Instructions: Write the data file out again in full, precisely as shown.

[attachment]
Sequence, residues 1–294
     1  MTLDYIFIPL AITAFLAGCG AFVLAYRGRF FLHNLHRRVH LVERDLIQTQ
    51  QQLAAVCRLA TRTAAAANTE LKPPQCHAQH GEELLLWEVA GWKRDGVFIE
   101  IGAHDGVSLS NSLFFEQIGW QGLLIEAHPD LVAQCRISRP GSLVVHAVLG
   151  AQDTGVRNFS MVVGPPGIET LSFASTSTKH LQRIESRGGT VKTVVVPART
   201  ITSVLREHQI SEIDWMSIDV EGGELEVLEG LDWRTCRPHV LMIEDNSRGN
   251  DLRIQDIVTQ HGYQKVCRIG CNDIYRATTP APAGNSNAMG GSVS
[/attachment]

Sequence, residues 1–294
     1  MTLDYIFIPL AITAFLAGCG AFVLAYRGRF FLHNLHRRVH LVERDLIQTQ
    51  QQLAAVCRLA TRTAAAANTE LKPPQCHAQH GEELLLWEVA GWKRDGVFIE
   101  IGAHDGVSLS NSLFFEQIGW QGLLIEAHPD LVAQCRISRP GSLVVHAVLG
   151  AQDTGVRNFS MVVGPPGIET LSFASTSTKH LQRIESRGGT VKTVVVPART
   201  ITSVLREHQI SEIDWMSIDV EGGELEVLEG LDWRTCRPHV LMIEDNSRGN
   251  DLRIQDIVTQ HGYQKVCRIG CNDIYRATTP APAGNSNAMG GSVS